“Getting boosted was 90% effective at preventing hospitalizations during a period in December and January when Omicron was the dominant variant, according to a [federal Centers for Disease Control and Prevention] study that looked at nearly 88,000 hospitalizations across 10 states. In comparison, getting two shots was 57% effective when it had been at least six months past the second shot. Getting boosted was 82% effective at preventing visits to emergency rooms and urgent care centers, according to the study, which looked at more than 200,000 visits in 10 states. In comparison, getting two shots was only 38% effective at preventing those visits when it had been at least six months past the second shot.”
Federal data also show a grim reverse for the unvaccinated, the New York Times reported:
“[T]he CDC published additional data showing that in December, unvaccinated Americans 50 years and older were about 45 times more likely to be hospitalized than those who were vaccinated and got a third shot. Yet less than 40% of fully vaccinated Americans who are eligible for a booster shot have received one.”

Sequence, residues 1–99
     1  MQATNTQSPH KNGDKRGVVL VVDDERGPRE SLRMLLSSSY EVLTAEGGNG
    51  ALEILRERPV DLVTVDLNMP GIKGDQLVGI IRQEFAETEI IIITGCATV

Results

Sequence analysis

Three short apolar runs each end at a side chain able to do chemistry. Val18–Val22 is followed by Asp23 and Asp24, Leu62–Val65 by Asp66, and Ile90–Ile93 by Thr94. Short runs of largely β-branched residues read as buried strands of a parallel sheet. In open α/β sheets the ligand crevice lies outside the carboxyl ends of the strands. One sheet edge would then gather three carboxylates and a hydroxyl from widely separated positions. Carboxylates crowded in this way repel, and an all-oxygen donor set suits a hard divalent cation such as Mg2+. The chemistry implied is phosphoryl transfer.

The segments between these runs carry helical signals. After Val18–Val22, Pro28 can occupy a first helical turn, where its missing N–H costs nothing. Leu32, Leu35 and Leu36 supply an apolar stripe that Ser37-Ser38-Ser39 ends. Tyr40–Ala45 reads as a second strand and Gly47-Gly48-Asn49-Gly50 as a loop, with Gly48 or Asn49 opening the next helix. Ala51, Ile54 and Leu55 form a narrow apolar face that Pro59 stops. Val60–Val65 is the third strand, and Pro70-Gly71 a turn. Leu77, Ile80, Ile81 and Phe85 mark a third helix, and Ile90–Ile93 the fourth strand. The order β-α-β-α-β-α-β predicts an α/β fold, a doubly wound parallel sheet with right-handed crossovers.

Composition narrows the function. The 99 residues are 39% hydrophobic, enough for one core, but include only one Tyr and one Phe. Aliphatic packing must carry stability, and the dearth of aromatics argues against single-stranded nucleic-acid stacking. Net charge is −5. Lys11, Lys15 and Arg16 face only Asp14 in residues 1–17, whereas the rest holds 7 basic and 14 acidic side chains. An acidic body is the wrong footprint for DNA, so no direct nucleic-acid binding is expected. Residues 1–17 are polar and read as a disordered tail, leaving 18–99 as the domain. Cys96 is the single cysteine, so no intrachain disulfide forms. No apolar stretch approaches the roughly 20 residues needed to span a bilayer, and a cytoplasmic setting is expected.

As Virginians now will be forced to see, politicians and public health authorities have fought for months on how best to safeguard society from the coronavirus and to get people to use one of the most powerful, safe, affordable, and effective safeguards against the disease’s harms — vaccines — and to keep up other successful, commonsense measures like upgraded face coverings, distancing, and limiting of unnecessary exposure to large groups in closed, poorly ventilated areas.
The U.S. Supreme Court has not assisted in quelling the pandemic, ruling against the Biden Administration’s efforts to use occupational safety authorities to get large employers to put vaccine requirements in place. The justices narrowly upheld the administration’s push to require vaccinations for health workers.
A federal judge in Texas, an appointee of former President Trump, has barred the administration for now from requiring federal workers to be vaccinated. That order may be largely moot, as officials say that 98% of the 3 million workers covered by the requirement already have met it — yet another example, of how employer requirements, such as at United Airlines, have proved useful in increasing vaccinations and safeguarding the inoculated.